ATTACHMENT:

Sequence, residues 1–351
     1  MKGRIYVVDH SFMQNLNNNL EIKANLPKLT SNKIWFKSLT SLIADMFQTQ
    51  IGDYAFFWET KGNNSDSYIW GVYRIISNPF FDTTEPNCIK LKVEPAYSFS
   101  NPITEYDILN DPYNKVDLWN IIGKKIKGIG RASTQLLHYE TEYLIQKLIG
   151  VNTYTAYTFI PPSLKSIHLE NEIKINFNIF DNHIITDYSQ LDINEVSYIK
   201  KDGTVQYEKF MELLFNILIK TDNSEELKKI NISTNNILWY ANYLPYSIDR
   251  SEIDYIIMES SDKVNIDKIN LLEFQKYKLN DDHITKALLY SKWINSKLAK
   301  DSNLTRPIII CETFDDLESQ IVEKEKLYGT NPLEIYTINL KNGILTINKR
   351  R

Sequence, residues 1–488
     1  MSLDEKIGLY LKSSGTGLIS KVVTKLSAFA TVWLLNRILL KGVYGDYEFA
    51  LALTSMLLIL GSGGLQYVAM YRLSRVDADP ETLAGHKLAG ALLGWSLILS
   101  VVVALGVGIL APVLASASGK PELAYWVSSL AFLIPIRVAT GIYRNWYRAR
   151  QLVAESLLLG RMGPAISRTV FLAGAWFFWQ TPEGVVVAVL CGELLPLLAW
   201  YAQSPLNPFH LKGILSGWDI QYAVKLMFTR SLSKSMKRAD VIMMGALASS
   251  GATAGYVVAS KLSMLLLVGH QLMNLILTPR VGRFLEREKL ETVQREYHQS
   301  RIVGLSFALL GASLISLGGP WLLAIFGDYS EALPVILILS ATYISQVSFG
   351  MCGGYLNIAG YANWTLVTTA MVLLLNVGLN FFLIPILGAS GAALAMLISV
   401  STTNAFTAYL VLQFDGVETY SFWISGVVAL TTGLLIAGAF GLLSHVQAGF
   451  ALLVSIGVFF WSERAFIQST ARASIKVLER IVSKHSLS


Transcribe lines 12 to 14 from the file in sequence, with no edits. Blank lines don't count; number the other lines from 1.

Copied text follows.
    51  LALTSMLLIL GSGGLQYVAM YRLSRVDADP ETLAGHKLAG ALLGWSLILS
   101  VVVALGVGIL APVLASASGK PELAYWVSSL AFLIPIRVAT GIYRNWYRAR
   151  QLVAESLLLG RMGPAISRTV FLAGAWFFWQ TPEGVVVAVL CGELLPLLAW